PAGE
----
That is the conclusion of the London arm of Germany’s Berenberg, picking through the aftermath of the group’s failed bond issue.
For those investors who’ve recently been vacationing on Mars, Sirius failed to get a US$500mln high-yield debt issue away, citing market conditions.
Revolving credit facility
Said fundraiser would have allowed it access to a US$2.5bn revolving credit facility, which in turn would have kept the workers at Woodsmith gainfully employed digging a mile down into the North York Moors.
Instead, the company is reining back construction to save funds as it looks for alternatives to the bond issue.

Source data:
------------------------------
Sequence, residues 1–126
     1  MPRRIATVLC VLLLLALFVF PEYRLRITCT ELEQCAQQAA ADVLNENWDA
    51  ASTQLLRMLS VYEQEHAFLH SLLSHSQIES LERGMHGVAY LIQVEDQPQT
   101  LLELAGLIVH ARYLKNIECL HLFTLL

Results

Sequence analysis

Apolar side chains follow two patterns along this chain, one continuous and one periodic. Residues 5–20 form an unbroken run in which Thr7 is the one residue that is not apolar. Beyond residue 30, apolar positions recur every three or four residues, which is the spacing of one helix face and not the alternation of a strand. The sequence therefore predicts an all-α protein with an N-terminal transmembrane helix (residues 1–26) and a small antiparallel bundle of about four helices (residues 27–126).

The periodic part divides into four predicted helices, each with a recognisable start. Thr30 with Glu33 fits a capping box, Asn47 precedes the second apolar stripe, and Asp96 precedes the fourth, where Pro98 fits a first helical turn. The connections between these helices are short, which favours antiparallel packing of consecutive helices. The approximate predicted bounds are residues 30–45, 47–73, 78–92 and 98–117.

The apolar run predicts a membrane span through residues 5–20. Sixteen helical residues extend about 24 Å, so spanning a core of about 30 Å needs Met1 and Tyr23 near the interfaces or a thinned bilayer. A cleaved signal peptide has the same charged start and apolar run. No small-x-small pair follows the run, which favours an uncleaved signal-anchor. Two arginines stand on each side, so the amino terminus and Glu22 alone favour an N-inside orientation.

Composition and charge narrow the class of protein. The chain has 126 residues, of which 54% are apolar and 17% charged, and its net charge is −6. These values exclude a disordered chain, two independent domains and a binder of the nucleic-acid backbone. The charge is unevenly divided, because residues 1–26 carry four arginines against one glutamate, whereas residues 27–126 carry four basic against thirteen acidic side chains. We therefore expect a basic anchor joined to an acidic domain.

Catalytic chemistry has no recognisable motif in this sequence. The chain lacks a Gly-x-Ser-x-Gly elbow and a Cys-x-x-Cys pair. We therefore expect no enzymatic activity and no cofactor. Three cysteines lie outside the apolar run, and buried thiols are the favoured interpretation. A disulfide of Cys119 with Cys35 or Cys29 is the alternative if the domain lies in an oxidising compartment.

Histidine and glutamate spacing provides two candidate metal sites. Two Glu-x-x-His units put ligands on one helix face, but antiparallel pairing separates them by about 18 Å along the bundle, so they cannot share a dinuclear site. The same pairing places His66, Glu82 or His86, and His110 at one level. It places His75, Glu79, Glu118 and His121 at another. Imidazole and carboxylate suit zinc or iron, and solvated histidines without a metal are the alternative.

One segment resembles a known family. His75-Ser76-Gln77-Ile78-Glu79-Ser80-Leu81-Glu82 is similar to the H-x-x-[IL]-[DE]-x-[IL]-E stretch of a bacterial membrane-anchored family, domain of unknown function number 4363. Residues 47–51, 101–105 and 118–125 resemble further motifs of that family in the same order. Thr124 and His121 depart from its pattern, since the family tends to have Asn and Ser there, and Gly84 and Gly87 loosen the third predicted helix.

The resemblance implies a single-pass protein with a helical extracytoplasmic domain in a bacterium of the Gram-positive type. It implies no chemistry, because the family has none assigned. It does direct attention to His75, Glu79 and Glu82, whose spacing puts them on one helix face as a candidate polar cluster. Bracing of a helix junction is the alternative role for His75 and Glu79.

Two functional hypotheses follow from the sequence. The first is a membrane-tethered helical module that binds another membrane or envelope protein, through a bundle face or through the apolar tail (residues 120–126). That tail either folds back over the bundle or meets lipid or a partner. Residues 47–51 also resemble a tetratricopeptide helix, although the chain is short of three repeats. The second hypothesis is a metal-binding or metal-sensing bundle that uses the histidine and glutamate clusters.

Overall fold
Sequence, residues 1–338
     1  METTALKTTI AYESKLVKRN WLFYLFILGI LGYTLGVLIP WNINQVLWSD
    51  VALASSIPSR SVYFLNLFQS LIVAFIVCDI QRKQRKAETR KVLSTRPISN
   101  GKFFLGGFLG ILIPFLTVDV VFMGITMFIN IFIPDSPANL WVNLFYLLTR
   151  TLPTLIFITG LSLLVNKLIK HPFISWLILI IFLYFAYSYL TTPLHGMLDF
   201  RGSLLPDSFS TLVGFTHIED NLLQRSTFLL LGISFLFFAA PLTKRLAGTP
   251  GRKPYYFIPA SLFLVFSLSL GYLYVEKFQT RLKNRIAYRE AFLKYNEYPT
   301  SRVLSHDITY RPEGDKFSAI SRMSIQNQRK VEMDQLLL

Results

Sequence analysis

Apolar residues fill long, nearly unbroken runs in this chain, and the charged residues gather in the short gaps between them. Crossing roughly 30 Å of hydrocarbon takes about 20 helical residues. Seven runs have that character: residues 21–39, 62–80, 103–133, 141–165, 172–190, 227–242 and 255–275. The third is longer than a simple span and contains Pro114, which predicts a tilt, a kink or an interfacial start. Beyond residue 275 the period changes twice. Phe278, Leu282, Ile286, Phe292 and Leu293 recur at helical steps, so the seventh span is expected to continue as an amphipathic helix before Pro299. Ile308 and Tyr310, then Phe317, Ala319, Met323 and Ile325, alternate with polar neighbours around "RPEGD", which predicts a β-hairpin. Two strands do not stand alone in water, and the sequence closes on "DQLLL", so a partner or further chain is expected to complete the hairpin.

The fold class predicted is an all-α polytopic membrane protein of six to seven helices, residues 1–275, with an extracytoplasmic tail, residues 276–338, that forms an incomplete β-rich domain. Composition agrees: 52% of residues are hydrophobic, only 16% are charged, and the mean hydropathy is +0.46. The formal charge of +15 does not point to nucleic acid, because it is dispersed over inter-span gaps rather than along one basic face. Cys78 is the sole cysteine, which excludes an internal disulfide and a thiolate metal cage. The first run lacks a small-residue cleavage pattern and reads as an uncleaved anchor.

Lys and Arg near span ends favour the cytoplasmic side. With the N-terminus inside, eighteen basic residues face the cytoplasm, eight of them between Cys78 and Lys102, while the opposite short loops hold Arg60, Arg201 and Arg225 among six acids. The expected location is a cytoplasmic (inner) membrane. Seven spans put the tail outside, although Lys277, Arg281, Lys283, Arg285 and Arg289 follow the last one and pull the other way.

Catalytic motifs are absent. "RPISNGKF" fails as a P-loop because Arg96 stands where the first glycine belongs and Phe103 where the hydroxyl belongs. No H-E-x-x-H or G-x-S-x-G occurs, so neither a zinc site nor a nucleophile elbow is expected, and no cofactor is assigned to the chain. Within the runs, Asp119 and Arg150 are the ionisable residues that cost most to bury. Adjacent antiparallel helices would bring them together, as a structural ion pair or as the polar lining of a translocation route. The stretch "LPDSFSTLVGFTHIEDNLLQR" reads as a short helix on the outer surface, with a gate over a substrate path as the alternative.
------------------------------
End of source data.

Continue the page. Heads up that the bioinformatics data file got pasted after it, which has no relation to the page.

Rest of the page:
“A strategic investor appears to be the only lifeline left for the company, with financial backing from the UK government appearing unlikely,” said Berenberg’s Rikin Patel in a note to clients.
“Given the increased uncertainty about financing, we reduce our assumption about the probability of completion of the mine to 25% (from 50%) and assume further delays to start-up.”
Catching up with reality, the bank cut its price target to 4p a share from 17p. In mid-afternoon trade the stock was changing hands for 3.97p, down 3%.
Patel and the team see little prospect of the government intervening to back-stop a financing package after the Infrastructure and Projects Authority gave Woodsmith a hard pass.
“In recent weeks, Sirius returned to the UK government for financing, but without success,” the Bernberg note concluded.
“It appears that government guarantees or backing are unlikely for the foreseeable future, especially if the current political uncertainty persists.”